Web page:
Success for the Puffarazzi!

Citizen science provides new information on puffin declines in the UK

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Puffin on the Farne Islands

Puffin on the Farne Islands © Franco Lee

 

This summer the RSPB launched ‘Project Puffin’, asking wildlife photographers from across the country to send in their images of these beloved birds carrying fish in order to better understand what they are feeding their young.

With 1402 photos submitted by 602 photographers, taking more than three months to analyse, the very first results of the project are in.

Previous scientific research has shown that our puffins are in serious decline, with predictions that more than half of the global population could disappear within the next generation. This new work from the RSPB could help pinpoint why these birds are in so much trouble.

"The public response means we’re getting data on a scale that we’ve never been able to collect before,” says Ellie Owen, the RSPB scientist leading the project.

“The next stage of the project is to look more closely at the diet of puffins compared to their breeding success to pin down what part diet plays in the decline of some puffins.”

 

Puffin with fish on the Isle of May © Kirsie Sutherland

 

The photographs submitted by the ‘Puffarazzi’ have produced data on almost 40 colonies around the UK, allowing comparisons to be made between each of them. Preliminary results suggest that the puffins in the northern Scottish islands of Orkney and Shetland are catching smaller prey than their cousins further south.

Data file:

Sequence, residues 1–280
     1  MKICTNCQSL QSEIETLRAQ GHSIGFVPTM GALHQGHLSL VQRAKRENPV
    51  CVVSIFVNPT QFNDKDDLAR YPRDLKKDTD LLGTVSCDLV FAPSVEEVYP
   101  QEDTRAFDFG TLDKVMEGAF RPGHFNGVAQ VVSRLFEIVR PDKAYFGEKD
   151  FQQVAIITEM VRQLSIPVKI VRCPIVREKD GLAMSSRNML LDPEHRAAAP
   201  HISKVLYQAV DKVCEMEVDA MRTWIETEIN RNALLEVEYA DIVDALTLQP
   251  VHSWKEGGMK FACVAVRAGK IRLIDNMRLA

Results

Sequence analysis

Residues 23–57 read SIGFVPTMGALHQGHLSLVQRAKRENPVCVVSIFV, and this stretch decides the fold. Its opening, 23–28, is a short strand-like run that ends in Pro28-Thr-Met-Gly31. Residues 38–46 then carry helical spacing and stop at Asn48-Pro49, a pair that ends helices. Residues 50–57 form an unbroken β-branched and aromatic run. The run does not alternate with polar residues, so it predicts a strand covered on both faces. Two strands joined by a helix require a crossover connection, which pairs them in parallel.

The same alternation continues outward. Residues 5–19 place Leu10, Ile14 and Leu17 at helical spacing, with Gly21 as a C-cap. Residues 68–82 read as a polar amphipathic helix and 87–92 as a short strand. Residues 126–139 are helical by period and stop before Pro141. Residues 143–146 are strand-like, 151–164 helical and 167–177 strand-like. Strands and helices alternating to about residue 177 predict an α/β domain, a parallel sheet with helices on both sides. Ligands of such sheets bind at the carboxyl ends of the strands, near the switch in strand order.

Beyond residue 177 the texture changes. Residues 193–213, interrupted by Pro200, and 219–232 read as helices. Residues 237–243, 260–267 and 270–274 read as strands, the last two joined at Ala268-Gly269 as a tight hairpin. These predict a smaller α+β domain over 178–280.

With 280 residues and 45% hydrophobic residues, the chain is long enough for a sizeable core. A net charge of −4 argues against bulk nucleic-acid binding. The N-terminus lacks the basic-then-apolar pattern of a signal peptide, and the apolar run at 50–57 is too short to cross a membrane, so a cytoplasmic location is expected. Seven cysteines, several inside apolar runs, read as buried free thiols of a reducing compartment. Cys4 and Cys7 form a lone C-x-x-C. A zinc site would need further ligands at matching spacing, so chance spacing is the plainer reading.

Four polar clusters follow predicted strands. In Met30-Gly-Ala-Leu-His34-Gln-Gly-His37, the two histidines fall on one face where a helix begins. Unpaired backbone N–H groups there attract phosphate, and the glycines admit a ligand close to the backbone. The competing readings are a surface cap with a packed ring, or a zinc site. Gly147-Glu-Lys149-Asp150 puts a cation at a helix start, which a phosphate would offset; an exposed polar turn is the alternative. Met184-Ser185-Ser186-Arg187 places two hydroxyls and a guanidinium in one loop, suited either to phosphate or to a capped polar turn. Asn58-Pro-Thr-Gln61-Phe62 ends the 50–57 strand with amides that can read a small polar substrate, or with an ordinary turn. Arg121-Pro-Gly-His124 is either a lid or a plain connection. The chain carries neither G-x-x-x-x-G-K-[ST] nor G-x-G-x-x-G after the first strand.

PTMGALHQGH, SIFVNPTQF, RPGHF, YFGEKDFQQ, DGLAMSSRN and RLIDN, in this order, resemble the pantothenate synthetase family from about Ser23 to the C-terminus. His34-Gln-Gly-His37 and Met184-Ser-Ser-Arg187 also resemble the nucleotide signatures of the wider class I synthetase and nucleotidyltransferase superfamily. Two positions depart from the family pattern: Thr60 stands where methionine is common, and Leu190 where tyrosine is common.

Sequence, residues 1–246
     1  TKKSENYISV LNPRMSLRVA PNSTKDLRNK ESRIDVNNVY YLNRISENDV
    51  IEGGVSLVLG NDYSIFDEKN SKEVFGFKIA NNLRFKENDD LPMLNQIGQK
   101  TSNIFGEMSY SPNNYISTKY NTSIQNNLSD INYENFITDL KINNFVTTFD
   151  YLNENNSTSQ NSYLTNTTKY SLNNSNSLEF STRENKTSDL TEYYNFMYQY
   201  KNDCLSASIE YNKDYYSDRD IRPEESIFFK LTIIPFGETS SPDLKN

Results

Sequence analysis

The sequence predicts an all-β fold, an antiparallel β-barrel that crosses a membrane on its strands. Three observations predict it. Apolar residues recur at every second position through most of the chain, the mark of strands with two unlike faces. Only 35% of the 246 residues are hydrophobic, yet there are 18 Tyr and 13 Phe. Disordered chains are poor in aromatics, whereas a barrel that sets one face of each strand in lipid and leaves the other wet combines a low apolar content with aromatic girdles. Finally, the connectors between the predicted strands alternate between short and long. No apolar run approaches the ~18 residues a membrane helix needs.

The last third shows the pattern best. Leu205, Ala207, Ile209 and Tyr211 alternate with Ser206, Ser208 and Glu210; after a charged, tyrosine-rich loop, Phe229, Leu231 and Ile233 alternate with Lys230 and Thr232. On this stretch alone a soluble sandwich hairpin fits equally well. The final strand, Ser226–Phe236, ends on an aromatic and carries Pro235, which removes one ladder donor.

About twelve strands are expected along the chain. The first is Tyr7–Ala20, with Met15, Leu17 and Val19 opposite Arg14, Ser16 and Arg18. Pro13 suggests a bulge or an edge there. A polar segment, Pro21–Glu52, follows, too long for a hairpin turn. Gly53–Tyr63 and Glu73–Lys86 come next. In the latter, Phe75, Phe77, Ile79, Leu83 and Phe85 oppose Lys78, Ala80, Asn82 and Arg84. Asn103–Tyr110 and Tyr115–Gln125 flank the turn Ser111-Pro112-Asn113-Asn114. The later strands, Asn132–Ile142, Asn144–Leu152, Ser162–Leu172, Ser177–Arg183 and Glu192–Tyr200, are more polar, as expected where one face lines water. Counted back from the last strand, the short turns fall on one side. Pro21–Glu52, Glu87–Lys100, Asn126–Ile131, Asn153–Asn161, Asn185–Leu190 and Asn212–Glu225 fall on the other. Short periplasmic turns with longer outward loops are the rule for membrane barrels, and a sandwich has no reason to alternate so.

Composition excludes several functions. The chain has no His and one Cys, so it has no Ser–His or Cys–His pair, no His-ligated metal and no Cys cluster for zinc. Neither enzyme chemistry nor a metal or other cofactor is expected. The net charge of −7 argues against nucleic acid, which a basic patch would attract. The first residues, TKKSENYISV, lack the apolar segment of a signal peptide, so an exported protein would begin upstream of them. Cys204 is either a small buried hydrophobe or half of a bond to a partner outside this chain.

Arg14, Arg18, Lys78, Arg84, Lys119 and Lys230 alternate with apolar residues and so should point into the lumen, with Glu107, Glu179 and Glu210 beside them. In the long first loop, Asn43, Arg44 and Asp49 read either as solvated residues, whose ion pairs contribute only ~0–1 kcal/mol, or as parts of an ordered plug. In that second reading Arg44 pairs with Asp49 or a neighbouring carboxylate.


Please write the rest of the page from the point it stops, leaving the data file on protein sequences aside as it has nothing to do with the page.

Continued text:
In addition, nutritious sandeels are only making up about half of the diet in colonies in northwest Scotland, compared with up to two-thirds elsewhere.

“For a young puffin waiting in its burrow, its life hangs on whether its parents return with enough food,” explains Owen. “An abundant supply of large, nutritious fish such as sandeels, sprats and herrings is key to healthy colonies”. 

Much more work needs to be done to definitively link colony declines to changes in diet, however the success of Project Puffin in terms of engagement in citizen science provides much-needed hope for future studies.

 

 

Read more wildlife news stories in BBC Wildlife Magazine

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